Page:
The book of 1 Maccabees clearly favors the revolution against the Seleucid and the Hasmonean dynasty. In fact, it is “a thoroughgoing pro-Hasmonean . . . perhaps even Sadducean, tendency interpenetrates the entire work” (Fischer, 4:441) and the “author of 1 Maccabees identifies unreservedly with the rebels and their leaders.” (Efron, 47; Sievers, 2).Yes, both 1 Maccabees and 2 Maccabees are ideologically pro-Hasmonean. (Not sure about "Sadducean," though.) They are our main historical sources for the Maccabean revolt. This makes an objective evaluation of what happened challenging. A recent PaleoJudaica post on a revisionist view of the revolt is here.
It is not well known, but there are other, briefer, ancient accounts of the Maccabean revolt which give somewhat different perspectives on what happened. The two I know of offhand are Diodorus Siculus, Bibliotheca historica, 34-35.1.1 and John Malalas, Chronographia, 206-207. On the latter see also here and here.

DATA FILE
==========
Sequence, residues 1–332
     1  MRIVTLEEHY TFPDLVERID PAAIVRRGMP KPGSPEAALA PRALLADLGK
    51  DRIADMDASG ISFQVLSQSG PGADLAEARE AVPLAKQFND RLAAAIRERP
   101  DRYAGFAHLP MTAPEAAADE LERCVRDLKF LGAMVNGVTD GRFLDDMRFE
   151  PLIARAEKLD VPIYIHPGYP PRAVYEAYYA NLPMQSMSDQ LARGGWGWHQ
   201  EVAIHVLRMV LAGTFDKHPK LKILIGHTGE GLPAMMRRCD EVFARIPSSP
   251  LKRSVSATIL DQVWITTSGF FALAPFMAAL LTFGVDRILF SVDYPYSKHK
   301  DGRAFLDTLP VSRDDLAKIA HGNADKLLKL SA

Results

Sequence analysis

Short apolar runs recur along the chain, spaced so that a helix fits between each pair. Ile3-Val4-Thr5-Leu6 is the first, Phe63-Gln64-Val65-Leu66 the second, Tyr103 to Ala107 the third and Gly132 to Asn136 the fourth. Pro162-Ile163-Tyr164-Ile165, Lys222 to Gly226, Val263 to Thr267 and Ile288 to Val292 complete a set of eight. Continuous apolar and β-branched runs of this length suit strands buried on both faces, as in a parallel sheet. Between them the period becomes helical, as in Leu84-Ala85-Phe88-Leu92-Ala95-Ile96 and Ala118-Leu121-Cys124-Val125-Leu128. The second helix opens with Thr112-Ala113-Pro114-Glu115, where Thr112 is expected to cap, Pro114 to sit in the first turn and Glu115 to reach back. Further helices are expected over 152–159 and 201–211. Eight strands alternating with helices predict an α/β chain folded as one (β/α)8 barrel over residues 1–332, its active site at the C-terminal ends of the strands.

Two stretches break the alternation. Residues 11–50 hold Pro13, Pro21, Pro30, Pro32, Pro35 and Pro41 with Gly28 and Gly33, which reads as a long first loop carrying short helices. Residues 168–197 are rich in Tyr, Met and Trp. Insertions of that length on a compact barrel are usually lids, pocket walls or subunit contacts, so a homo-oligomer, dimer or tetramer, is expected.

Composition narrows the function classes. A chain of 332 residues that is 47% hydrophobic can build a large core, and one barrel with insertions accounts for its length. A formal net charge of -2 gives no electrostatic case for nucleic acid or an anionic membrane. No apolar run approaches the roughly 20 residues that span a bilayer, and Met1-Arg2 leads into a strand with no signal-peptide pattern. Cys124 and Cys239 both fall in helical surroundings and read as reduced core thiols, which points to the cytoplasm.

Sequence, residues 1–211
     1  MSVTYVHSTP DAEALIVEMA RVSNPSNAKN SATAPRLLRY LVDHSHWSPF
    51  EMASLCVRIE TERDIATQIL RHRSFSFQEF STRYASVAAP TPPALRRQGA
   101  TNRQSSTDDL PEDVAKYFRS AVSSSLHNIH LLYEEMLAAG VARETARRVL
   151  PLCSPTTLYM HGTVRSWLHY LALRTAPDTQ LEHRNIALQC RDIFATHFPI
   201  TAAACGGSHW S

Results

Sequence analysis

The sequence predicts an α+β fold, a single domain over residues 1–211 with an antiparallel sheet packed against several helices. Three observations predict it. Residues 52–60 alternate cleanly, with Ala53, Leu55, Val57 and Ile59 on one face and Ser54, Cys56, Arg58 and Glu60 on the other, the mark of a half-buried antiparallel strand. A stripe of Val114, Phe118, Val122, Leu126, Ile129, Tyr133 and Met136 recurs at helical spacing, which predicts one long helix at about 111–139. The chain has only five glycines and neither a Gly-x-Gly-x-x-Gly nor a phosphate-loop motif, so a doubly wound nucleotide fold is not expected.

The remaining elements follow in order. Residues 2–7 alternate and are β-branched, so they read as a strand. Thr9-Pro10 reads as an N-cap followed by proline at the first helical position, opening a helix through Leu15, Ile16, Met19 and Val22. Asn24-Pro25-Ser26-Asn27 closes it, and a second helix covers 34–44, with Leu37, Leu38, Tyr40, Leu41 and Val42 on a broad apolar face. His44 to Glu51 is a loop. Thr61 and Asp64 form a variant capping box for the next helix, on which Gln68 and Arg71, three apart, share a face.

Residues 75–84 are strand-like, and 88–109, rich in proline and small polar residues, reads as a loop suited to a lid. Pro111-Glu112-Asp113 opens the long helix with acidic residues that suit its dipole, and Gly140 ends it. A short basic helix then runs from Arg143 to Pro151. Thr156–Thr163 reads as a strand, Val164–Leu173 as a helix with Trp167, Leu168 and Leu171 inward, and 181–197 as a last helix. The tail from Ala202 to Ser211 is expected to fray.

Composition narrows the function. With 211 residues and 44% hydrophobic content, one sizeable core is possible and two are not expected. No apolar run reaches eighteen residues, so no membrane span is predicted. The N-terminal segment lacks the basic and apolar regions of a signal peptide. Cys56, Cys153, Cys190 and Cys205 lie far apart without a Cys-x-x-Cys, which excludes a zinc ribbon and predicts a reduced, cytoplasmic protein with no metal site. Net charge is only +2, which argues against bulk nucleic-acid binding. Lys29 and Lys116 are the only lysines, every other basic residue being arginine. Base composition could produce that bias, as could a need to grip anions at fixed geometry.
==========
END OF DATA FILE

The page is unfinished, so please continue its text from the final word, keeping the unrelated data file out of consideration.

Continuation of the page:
It happens that next week I am lecturing on the Old Testament Apocrypha in my Second Temple Jewish Literature class, so I have been thinking about such things.
Past posts in Phil Long's series on the Second Temple Period are noted here and links.